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About jaybombs25

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  • Camera Model & Brand
    Sony DSC-S60
  1. Hi I found this flatworm in St. Lucia yesterday in 50 ft of water. The body is just over an inch long. Haven't found it in the Humann books or other online resources. Any one know what species this is? Thanks
  2. Ok not exactly sure what species of butterfly fish this guy is but I did find another picture of him online http://www.johneasley.com/gallery/albums/U...tterflyfish.jpg This might be a good one for Les Wilk, at first glance I thought it was a longsnout but I can see what you are talkin about with the black band across the eye. The other picture I found is exactly like yours, the dark spot, line and orange patch at the base of the tail (Yours looks to be a more mature specimen). Sorry can't be of more help, it may be just as you say a variant of a longsnout, same thing happened to me and my WHITE variant of a whitenose pipefish
  3. Yup what he said Redtail parrotfish http://www.fishbase.org/Photos/PicturesSum...mp;what=species
  4. I think our Id's for 2 and 3 are very solid and don't think it might be worth spending their time looking over photos we basically all now agree on
  5. here is a spotted snake eel taken on a night dive
  6. Found this random article about shorttail snake eels's with pictures that match those here and also my own recollections http://www.bonairediveandadventure.com/the...tml#bubbles0602 Also here is a spotted spoon nose snake eel from St. Vincent. http://reefnet.ca/gallery/2005_StVincent/I...ake+eel-03.jpg/ Might help The photo you just posted is of a snake eel... But might be the much more common (at least in St. Lucia) spotted snake eel. The spotted spoon nose snake eel is much different
  7. Ok I can help you out almost 100 % with one and 90% with one and not at all with the first one and fourth. The second eel is a Short Tail Snake eel .. I 've seen them a few times in St. Lucia. Third one I am 90 % sure probably even more that it is a spotted spoon nose snake eel. (definitely not a manytooth conger) The fourth blue one however, I am not sure, Can't really tell from the picture but the colour of it does not exactly fit the colour of any manytooth congers I've seen. I have seen them before in St. Lucia. Very shy hide during the day. Out at night but still very skittish. The distinctive blue colour is the easiest way to make them out as well as the pronounced fin on their back. Also the "face" on the eel in the fourth photo looks too broad to be a manytooth conger (might be another species of conger though). Nice finds though. Especially the 3'rd one. btw nice to see more west indians. Les Wilk is also a great resource and he does reply to emails. He ID'ed a rare variation of a whitenose pipefish which we found diving over the summer. St. Vincent always seems to have great critters from what I've read, we don't get as many frog fish and such in St. Lucia even though we are a few miles apart. The second eel I've seen on a few occasions at home and it's done the same thing, retreat into the sand instead of darting out like the spotted snake eels. I've also never seen that sea cucumber (your other thread) in St. Lucia. Nice find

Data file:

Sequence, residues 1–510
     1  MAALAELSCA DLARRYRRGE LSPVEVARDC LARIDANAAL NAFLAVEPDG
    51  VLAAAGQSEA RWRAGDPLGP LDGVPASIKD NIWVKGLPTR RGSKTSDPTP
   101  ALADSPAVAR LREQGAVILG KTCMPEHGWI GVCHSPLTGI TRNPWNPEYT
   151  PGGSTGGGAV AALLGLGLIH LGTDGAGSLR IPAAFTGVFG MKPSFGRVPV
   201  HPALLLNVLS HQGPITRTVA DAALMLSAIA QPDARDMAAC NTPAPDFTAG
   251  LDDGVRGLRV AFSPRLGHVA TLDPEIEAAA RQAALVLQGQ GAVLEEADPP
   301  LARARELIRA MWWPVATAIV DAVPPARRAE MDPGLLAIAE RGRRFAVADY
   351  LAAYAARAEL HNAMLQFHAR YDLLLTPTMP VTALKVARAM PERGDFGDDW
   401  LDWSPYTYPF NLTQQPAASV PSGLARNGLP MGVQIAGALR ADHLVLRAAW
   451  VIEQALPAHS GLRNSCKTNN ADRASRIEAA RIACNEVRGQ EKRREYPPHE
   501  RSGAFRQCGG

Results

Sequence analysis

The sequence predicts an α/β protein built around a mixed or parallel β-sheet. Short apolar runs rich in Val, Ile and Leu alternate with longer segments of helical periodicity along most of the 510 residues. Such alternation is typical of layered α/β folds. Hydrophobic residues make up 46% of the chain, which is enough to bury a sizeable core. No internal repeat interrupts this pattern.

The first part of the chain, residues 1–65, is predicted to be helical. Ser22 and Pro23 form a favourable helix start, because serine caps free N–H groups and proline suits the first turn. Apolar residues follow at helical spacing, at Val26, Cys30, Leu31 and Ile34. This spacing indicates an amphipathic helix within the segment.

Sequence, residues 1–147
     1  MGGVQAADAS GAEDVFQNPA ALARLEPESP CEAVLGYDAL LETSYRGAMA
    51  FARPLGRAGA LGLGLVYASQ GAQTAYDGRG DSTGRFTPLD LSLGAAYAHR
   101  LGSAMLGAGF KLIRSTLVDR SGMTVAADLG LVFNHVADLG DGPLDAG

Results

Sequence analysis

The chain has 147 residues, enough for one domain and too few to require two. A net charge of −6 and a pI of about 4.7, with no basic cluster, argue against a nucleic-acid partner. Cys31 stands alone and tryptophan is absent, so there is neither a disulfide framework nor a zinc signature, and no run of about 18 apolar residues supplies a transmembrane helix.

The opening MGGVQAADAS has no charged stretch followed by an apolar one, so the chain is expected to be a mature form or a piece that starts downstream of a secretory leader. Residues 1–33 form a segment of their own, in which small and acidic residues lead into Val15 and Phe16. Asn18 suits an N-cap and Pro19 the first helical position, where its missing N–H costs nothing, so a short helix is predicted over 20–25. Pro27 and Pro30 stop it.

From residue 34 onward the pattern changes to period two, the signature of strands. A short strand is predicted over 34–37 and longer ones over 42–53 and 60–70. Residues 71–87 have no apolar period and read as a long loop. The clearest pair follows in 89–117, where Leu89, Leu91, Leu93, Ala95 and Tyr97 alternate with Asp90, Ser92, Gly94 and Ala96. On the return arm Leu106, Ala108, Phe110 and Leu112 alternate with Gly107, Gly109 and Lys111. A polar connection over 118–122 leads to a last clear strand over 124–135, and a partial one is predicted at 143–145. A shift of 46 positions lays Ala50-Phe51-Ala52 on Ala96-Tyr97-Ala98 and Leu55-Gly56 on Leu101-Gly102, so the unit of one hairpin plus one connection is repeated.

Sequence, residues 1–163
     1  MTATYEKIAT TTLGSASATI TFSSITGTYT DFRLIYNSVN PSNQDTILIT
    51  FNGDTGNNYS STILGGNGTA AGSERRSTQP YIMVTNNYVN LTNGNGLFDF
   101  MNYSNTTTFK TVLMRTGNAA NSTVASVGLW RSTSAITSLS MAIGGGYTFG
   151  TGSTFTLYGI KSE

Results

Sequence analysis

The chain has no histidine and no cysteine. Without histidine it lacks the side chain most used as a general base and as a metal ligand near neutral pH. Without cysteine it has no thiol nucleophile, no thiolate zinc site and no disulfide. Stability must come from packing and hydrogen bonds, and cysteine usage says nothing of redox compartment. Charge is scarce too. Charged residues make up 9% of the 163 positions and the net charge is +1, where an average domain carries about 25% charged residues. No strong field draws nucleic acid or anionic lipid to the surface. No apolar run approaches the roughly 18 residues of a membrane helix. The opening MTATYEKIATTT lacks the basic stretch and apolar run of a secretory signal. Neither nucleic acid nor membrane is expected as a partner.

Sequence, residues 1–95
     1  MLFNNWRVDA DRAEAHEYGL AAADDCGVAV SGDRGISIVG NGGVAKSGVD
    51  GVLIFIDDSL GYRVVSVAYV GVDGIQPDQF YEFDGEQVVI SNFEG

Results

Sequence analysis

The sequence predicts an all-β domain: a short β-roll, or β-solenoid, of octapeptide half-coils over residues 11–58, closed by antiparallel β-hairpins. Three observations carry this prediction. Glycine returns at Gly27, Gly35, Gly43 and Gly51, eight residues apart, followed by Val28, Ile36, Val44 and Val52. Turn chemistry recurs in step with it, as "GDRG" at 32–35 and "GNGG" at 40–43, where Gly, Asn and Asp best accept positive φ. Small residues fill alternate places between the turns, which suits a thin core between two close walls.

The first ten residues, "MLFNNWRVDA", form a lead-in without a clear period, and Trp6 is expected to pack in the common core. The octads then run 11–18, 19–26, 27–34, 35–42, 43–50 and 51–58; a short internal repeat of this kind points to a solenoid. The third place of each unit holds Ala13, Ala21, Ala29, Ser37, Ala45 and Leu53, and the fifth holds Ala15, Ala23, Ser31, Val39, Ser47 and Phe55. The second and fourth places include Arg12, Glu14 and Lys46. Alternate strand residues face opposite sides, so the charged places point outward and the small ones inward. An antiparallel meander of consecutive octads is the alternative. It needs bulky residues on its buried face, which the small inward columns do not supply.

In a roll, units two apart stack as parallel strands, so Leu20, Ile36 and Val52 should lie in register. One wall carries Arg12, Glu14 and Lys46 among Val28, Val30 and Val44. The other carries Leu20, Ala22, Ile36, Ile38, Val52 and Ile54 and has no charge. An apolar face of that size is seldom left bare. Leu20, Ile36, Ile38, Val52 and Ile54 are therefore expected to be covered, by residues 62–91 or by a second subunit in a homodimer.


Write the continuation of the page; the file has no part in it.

8. Heres an update. I sent the photo to Les Wilk at reefnet.ca. He promptly ID'ed it as a whitenose pipefish, however a rare white variation with large "dermal flaps". So case solved. Thanks for the help and thanks to Les for the response and ID
  9. Thanks a lot I will indeed send him this photo and one other I have showing PART of the tail. At the time of taking the pics we just thought it was simply a whitenose pipefish and didn't pay it much attention. However, upon reaching back it finally hit me that whitenose pipefish DO NOT have fringes like this. Then I was pissed that we didn't bother to take any solid pictures of it. However, there was another person on the dive with a video camera, I am sure he go a bit of footage, however, I'm not able to contact him until I go back home in December. SO depending on the response I get I may attempt to repost this in december. Thanks a lot and ANY help is definitely appreciated since I really want to ID this guy. SImply because I've never seen a pipefish like this at home before.
  10. It I think definately is some type of ornate pipefish. However, I haven't found any records of the being seen in the Caribbean. May just be me but that is what really has me baffled
  11. Hi I found this pipefish in St. Lucia in about 20ft of water. No idea what it could be...Any Suggestions?
  12. thanks a lot man clears alot up for me... its interesting search google angelfish and see how many of these you come up with
  13. Hey guys i've been seraching the net for sum and came accross this fish twice, both times it has been called an anglefish.. however to me it looks like a moorish idol ( Zanclus cornutus ).. can anyone confirm or dispute this.. because I have seen this fish and im not curious as to what it is Thanks
  14. Thanks a lott.. besides the housing and the strobe do you think i will need anything else... I also have seen pics taken with the S90.. they are prtty good .... can someone who kows about cams break it down for me into layman terms how these two cams differ and should i expect same quality pics? thanks
  15. Hi im a beginner UW photographer and i have a sony DSC-S60... should i bother buyin the housing for this because I no i will not be upgrading cuz im 15 lol ... I also need to know if i should get a strobe cuz i no that from 10 feet down colours start to filter out and artifical light is needed to bring them back into focus.. THANKS
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